of the physical sciences could not, have yielded a single concrete fact, that one method—vaccination—and the most perfect one yet discovered of preventing a disease, and two drugs—quinine and mercury—specific for two other infectious diseases, should have been found and so successfully applied. But in contrast to this slow, painful and halting advance in practical means for the relief of suffering, is to be placed the body of robust facts, acquired in a quarter of a century, during the present or bacteriological era in medicine, which enables us to view in some measure the mechanisms of disease and defense against it, and which has pointed the way to efficient modes of prevention, and, in a few brilliant instances, to the production of biologically perfect means of combating certain infectious maladies. To produce a means, as has been done through the perfection of curative sera, that shall strike down myriads of living parasitic organisms, within the interior of the body, amid millions of sensitive and even sentient cells of the organs, without inflicting on them the smallest injury, is indeed a great accomplishment. And if I am successful to-day in placing before you the main facts, now revealed, of the body's manner of defense to parasitic invasion, you will, I think, come to see that it has been by imitating nature's methods and by augmentation of the natural forces of defense, that good has been achieved.
The facts laboriously acquired, on which this presentation will rest, have been drawn from the study of spontaneous disease—so-called natural disease—among man and animals, and from experimental diseases produced in animals. I need scarcely point out that there is really no unnatural form of disease any more than there is a really natural one; in all instances we are dealing with natural laws of health and disease, the difference merely being that in one case we are often ignorant of the time and manner of entrance of the infecting germs into the body, and in the other they are purposely introduced, in a predetermined efficient manner, in a pure state into the animal body. Since we are so often ignorant of the precise manner of ingress of the germs in the non-experimental forms of disease, we conclude from the identity of the conditions present in the experimental and non-experimental forms of the disease, that in effect they are identical. This power exactly to reproduce at will, by pure bacterial cultures, infectious disease in animals has been of inestimable benefit in investigating disease.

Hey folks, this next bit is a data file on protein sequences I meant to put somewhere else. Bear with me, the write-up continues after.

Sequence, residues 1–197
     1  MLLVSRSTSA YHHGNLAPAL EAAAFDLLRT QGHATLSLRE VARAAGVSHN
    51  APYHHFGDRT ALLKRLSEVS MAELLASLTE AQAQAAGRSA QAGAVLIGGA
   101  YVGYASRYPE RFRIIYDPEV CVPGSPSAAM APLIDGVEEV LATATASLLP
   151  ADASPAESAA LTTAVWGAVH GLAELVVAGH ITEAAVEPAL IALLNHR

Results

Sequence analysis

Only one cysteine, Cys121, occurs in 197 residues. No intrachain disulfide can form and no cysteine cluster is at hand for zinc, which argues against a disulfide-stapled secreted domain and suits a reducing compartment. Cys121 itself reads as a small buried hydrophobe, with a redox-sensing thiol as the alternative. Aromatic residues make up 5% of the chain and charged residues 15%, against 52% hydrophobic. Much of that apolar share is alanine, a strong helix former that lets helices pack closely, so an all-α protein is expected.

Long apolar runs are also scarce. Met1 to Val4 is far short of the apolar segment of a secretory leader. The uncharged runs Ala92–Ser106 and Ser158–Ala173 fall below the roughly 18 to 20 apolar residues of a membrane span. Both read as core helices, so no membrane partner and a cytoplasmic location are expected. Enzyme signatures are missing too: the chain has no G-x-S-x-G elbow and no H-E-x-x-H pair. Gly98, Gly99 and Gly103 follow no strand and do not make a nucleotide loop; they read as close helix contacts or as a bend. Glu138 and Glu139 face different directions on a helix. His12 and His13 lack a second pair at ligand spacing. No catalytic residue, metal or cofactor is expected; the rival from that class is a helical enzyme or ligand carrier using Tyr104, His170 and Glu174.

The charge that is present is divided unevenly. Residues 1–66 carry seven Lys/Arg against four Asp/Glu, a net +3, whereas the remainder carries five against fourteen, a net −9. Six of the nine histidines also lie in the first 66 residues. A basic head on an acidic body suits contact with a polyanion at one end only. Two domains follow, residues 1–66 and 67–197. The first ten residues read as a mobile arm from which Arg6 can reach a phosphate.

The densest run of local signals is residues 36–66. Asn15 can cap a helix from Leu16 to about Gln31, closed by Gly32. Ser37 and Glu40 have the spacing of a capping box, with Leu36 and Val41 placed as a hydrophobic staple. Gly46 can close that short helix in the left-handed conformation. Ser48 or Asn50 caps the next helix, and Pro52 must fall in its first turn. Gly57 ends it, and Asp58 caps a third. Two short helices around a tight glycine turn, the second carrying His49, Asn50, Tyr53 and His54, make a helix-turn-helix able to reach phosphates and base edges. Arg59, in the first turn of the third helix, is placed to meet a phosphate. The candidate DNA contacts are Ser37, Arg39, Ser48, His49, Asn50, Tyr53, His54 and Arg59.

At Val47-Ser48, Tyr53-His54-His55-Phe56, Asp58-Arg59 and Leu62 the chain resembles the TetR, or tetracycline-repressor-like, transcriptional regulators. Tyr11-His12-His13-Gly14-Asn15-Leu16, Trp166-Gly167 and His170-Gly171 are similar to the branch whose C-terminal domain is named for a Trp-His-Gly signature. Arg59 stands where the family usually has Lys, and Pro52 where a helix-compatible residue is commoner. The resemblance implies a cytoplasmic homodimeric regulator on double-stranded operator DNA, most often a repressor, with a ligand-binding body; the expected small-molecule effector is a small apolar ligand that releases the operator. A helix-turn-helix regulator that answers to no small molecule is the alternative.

To escape disease is not merely to remain without the zone of influence of the germs of disease. To do this in all cases is impossible, because with certain germ diseases—tuberculosis, for example—the germs are ubiquitous; and with several other diseases the germs are constant if not naturalized inhabitants of the body. Thus we carry on our skin surfaces constantly the germs of suppuration; on the mucous membranes of the nose and throat the germs of pneumonia, and sometimes those of diphtheria, tuberculosis and meningitis. The intestinal